Pay per click advertising used to be a lot easier to do. But in the past 24 months it seems to have gotten more competitive and complex. Some small business owners are discouraged about it.
There’s a new PPC Strategy Flowchart just out that walks you through the considerably more complex process of running pay-per-click ad campaigns today. Created by Giovanna Wall at the PPC Blog, it illustrates the kind of strategy, testing and tweaking that you have to bring your advertising campaigns.
How PPC Ads Got More Complex
For anyone who doesn’t know what I’m referring to, “pay per click ads” or “PPC ads” are those little ads you see down the right side of the page in the Google search results, labeled “Sponsored Links.” Sometimes you will also see them in a shaded box right above the natural search results. As the advertiser, you may also choose to display your PPC ads on content sites (sites like Small Business Trends).
They’re called “pay per click” because in most cases you are charged by the click. You pay XX cents or XX dollars each time someone clicks on your ad.
In order to place your ad where qualified prospects are likely to see it, you need to place your ad only on those pages where people are looking for what you offer. Otherwise, your ad budget would just be wasted. You do that by bidding on keywords related to your site or offering. When someone goes to a search engine and searches on your keyword, your ad is displayed.
It used to be that the more you bid on a specific search term (keyword), the higher up on the page and more frequently your ad would appear. However, that’s only partly true these days. Now other factors have a bearing on how visible your ad is — or even whether it’s displayed at all. One of the factors affecting PPC ads is how relevant your ad is to the keyword you bid on. Google euphemistically calls relevance factors your “Quality Score.”
If Google deems your ad to have a “low Quality Score” (i.e., not very relevant) your bid on a term may be rejected altogether unless you pay some outlandish amount, like $5 or $10 a click for a term that otherwise goes for $0.85. It wouldn’t take long before a small business went broke throwing that kind of money around.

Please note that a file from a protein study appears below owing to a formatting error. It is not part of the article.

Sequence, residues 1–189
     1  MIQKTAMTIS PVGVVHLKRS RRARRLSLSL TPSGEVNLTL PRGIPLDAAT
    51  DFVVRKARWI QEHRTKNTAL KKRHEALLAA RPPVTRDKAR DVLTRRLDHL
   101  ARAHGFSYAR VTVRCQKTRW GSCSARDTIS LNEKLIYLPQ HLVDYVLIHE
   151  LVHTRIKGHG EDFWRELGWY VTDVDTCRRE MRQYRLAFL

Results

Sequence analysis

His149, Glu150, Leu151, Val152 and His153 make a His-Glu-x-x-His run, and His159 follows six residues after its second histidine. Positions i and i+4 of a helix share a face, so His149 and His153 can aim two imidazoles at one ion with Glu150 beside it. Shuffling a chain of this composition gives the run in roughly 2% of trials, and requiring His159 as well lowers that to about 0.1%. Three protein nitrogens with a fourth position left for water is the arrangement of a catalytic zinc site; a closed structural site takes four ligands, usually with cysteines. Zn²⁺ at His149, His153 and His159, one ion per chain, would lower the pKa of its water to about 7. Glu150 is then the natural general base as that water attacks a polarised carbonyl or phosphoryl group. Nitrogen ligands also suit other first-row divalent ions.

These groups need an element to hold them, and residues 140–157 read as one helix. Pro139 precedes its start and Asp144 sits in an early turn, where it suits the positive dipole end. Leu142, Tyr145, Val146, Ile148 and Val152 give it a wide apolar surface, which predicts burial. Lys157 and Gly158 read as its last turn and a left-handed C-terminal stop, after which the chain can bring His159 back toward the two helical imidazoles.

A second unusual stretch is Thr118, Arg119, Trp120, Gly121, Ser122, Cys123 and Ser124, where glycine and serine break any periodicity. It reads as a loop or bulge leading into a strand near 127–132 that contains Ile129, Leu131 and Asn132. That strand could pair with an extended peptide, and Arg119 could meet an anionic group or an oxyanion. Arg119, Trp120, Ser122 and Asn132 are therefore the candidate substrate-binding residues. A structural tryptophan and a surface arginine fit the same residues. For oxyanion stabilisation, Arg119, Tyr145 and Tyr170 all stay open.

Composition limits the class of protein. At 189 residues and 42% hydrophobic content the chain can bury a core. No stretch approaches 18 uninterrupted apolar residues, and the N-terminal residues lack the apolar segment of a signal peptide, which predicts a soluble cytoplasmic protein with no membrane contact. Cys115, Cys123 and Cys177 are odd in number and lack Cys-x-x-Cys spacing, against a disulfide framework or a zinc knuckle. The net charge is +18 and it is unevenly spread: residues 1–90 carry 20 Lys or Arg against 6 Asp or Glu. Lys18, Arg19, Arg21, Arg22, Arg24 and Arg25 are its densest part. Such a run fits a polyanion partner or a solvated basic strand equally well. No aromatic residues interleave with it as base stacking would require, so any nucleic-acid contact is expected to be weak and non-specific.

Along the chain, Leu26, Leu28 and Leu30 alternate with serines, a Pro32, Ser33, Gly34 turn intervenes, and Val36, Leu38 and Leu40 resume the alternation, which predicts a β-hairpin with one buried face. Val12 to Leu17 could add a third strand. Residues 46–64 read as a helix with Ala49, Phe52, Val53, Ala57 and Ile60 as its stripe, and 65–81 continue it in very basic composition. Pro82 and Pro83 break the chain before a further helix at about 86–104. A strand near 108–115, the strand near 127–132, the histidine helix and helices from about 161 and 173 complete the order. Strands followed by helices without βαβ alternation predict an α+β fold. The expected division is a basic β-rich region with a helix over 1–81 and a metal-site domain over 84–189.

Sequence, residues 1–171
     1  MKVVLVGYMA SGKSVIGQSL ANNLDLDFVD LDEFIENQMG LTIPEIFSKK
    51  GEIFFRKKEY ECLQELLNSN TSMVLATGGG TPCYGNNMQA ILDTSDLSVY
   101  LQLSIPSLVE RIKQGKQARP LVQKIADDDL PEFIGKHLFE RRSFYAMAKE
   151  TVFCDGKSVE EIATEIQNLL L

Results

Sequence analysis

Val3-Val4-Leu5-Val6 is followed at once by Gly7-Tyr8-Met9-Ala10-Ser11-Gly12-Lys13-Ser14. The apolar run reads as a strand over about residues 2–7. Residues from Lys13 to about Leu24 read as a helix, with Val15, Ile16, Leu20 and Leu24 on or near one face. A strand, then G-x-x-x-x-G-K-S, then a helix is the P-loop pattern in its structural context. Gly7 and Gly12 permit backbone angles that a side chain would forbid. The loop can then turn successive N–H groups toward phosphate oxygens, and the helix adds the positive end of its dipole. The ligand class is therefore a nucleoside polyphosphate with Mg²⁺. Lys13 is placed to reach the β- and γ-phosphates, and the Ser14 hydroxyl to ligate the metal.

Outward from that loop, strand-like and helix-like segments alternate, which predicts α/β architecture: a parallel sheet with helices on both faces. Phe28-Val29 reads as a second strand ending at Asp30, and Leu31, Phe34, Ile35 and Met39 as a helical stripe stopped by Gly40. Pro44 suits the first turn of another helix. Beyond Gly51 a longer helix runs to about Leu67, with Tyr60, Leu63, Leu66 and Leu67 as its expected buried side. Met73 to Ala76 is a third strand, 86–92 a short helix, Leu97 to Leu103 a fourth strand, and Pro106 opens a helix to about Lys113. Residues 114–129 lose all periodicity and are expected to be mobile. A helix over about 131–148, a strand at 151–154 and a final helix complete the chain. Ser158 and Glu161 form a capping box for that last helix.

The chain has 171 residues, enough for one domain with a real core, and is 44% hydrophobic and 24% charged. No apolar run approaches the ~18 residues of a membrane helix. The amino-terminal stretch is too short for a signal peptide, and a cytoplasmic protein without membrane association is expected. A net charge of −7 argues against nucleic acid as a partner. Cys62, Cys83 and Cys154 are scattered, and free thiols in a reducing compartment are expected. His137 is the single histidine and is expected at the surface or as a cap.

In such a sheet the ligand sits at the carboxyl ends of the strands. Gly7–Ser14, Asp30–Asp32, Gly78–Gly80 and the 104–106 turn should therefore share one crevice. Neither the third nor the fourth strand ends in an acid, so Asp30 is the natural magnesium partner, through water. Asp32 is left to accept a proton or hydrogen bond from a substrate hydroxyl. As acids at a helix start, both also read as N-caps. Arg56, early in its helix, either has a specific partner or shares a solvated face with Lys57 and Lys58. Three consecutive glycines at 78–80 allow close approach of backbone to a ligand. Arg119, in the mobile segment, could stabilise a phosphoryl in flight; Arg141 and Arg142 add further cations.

That’s why I say that PPC advertising has gotten more complex and competitive, especially for smaller businesses without in-house PPC expertise. Today, you really have to know what you’re doing with pay-per-click advertising, or you could lose your shirt. Or you may find that your ads hardly ever get displayed and you end up with paltry results like 2 clicks a day. In other words, it takes a lot more knowledge, time and attention to run a pay-per-click ad campaign today than it did a few years ago. And that complexity and competitiveness is only increasing over time.
The Choice: DIY or Hire it Out
You have two choices today: outsource your PPC campaign management, or do it internally.
More and more businesses I know are hiring out the management of their pay per click ad campaigns to search marketing professionals or to Google AdWords Certified Professionals. For businesses that regularly run PPC ad campaigns of 4 to 5 figures monthly, paying someone a fee to manage the campaigns can in the end save you money and get you better results.
On the other hand, if you feel reasonably confident in your ability to do it yourself with pay-per-click ad campaigns, or if your ad spend is still small, you will probably opt to keep it in-house.
That’s where the PPC Strategy Flowchart above comes in handy. It gives you the strategic context for your ad campaigns. But the flowchart is more than just a concept. It also points you to resources about each step in the process. On the flowchart, if you click each box, it leads you to an article or resource on the Web where you can learn more about each step.
Regardless of which choice you make, PPC advertising is still one of the fastest and most trackable advertising methods for bringing traffic to a new small-business website, pumping up holiday sales, or otherwise getting found quickly online. Just be smart about it. Either make the effort to educate yourself, or hire somebody competent.